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For the Klee-Milne Sketchbook

Let us set out into a charming landscape.
We're pleased enough; we don't want other kinds.
A rhyme is coming shortly, and a shape
(or shapes) not novel: often on our minds.

Where are we going. Do I have to say?
We've had a jolt already, at the ford
across the river, or the waterway -
that dull white strip dividing words from words.

We amble onwards with our gentle friends.
Signposts emerge: we note them as we pass -
our bears beside us on the road that wends

...where to? We've just begun, and round this bend
now turned, we see our pleasant journey was
a rambling preparation for The End.

(translated by Tony Connor)

Camille Pissarro
Rue d'Amsterdam, 1897

Rue d'Amsterdam is awash with rain.
Meanwhile, as if the sun shone bright,
the ankle-deep water is bathed in light.
Through the house-walls' multi-coloured stains
a radiance, hidden by plaster, penetrates.
Now the rain washes away,
pugs the surface into a gray
clay-like plasticine state.

I'd love to live there in eternal rain
if I could only believe the paintings, Mr P.
I'd be most happy to wave if only
an open yellow-red cabriolet
drove by - though I'd end up that much wetter
the longer I stayed there waving in
Rue d'Amsterdam, bathing in
the cool inner stream of light-filled water.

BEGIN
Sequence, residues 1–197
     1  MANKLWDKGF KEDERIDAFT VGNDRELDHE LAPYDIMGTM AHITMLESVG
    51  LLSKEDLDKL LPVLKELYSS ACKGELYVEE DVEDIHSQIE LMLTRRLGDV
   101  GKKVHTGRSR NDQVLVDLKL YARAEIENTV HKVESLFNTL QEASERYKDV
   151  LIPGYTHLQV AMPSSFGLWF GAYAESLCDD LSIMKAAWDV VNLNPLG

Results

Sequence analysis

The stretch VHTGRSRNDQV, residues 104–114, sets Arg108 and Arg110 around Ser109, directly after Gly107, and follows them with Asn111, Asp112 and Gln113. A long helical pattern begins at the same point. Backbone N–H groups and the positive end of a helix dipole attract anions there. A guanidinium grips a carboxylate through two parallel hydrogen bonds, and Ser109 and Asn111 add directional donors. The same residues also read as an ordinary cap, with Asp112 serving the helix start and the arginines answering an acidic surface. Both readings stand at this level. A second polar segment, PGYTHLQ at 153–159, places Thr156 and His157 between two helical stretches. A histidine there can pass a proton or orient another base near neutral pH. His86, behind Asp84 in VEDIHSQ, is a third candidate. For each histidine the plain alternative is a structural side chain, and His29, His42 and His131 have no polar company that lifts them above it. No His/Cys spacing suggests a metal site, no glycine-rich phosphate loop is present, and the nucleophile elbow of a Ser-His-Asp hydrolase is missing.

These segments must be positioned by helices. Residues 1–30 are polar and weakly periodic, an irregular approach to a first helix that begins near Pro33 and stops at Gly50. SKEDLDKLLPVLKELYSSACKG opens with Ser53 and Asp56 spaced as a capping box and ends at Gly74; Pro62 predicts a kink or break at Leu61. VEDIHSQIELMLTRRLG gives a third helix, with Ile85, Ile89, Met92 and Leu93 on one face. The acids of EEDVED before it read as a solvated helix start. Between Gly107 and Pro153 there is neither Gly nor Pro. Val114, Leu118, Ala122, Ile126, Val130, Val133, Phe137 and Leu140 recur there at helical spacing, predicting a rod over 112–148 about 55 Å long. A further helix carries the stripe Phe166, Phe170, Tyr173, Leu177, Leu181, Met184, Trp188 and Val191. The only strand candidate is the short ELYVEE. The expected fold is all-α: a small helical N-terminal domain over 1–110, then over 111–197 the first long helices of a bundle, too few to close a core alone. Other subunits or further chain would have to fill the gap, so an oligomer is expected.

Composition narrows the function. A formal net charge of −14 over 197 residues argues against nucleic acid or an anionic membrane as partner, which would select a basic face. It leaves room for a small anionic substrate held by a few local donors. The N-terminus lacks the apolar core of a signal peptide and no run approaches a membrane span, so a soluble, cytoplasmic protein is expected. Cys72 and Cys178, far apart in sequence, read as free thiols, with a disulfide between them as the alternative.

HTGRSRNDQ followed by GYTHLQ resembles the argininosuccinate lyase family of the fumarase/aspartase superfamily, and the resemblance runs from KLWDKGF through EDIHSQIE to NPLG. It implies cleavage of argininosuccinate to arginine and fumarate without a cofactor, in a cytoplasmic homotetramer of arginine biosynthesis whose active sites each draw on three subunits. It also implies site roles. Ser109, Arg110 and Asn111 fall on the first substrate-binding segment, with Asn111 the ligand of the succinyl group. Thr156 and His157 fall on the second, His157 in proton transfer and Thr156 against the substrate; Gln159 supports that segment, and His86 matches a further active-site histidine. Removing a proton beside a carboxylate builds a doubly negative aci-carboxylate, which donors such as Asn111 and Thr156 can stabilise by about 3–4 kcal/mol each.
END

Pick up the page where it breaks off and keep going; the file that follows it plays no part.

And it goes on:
If I knew that I really had a cache
of radiance, only hidden by
some substance from whose surface I
could on the spot be freed by a splash
of pouring rain - if that's what it took,
I'd step out into the rain forthwith
as long as it rained on me just like this.
But it will stop. I close the book.

(translated by Dezső Tandori and Bruce Berlind)

An Otherwise Unoccupied Swimming Pool in 1965;
A String of Similes

As if in an unoccupied swimming pool where only
maintenance men, mechanics, street sweepers,
idle ticket collectors, snack bar attendants hang out,
only office underlings, possibly
the management itself; and one or two amateurs like me
who got there who knows how and who
don't talk to each other, at best we're collectively objects
of indifference to the specialist staff,
bored as it is even with the professionals; as if
all alone in the morning at the deep-water end of
such an unoccupied practice pool, I were practicing
the racing dive, something I've been
unable to master for nearly thirty years.
And so it's as if this wouldn't be me,
as if I'd consequently be practicing with somebody,
so I'm again and again for a moment completely
alone, as among sycamore leaves and a tide of
spittle, other insignificant filth,
chucked-up bugs, my head pops up after
one of a number of by now perhaps not
entirely unsuccessful dives; but quality
won't cut any ice here, besides the whole thing's
just a string of similes. As if someone
would want to repudiate existence, but I'd
be insisting, as a father taking his such-and-such
son to practice the racing dive. Or other things.

(translated by Bruce Berlind)

"Tandori's admirers and critics have always been aware that his obsessive and labyrinthine privatization of experience is a form of escape, a compensation, a search for authenticity. Dezső Tandori is the kind of writer who lives and breathes literature. For years he has made his living by translating both modern classics and potboilers; and while it is fair to assume that his commissions henceforth will consist mainly of the latter, he is not completely despondent about the future of serious fiction." (Ivan Sanders, World Literature Today, vol.68)



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